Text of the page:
“The emphasis these days is to lead as busy and normal a life as possible,” says Harsh Dua, oncologist at Indraprastha Apollo Hospital, New Delhi. In many forms of cancer such as chronic myeloid leukaemia, low grade non-Hodgkin’s lymphoma, breast cancer and certain forms of brain tumour, patients can lead productive lives. There are some short infusions or day-care protocols that can be done on weekends. Of course, there are some cases where the cure involves long hospitalization.
Research and progress in medical science have led to a better understanding of how to manage cancer so that there is minimum pain during treatment. “Just because you have been diagnosed with cancer is no reason to hold your head and start crying,” says Bajwa, for whom laughter is a constant companion. She has even turned her hair loss —and she had gorgeous long tresses—into a positive statement. She refuses to wear a wig and jokes that she looks like Persis Khambatta. “Besides, I have so much fun experimenting with scarves,” she says.
Even if identified at a fairly late stage, medical science has advanced so much that most people can weed out the disease without sacrificing their careers or putting their work, hobbies or family life on hold. But, ultimately, it all hinges on willpower and the mind.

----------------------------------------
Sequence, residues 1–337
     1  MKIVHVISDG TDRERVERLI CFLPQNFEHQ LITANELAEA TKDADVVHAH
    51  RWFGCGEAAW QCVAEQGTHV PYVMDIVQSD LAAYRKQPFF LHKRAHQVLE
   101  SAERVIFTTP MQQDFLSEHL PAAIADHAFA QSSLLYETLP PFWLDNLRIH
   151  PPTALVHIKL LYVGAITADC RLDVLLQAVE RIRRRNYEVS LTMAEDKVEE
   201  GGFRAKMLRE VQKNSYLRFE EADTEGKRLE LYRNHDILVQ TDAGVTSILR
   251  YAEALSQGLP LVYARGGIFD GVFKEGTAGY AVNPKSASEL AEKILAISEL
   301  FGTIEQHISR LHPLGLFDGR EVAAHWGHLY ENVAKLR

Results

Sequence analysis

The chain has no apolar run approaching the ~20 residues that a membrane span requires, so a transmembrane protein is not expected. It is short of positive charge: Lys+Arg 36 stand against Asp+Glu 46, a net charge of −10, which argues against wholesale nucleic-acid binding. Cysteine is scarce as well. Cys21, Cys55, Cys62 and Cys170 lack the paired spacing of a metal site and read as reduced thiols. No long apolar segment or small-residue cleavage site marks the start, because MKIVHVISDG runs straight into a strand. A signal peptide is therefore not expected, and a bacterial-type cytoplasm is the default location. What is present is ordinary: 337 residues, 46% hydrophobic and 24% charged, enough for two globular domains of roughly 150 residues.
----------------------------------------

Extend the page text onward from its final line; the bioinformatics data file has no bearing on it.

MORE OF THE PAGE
Subha Barry was 35, too, when she was first diagnosed with Hodgkin’s disease in 1997. Unlike Bajwa, who had no discernible symptoms and spotted the lump herself, Barry, the global head of diversity and inclusion, Merrill Lynch, in New York, struggled through six months of every imaginable minor ailment such as cold and influenza before her problem was diagnosed. “I did not have time to go to the doctor because I was inundated with work and home demands,” she says .
The branch manager for the company at that time, Barry had just got the biggest client of her career. Around the same time, she also lost her steady long-term childcare giver, who looked after her two children, who were nine and two at the time.
Given the pressures on both home and work fronts, Barry self-medicated and ended up in hospital in January 1997 with a severe platelet problem. “My cancer had lodged in my spleen and my spleen, in turn, was misbehaving, chewing up all my healthy platelets as fast as my bone marrow was producing them,” she says.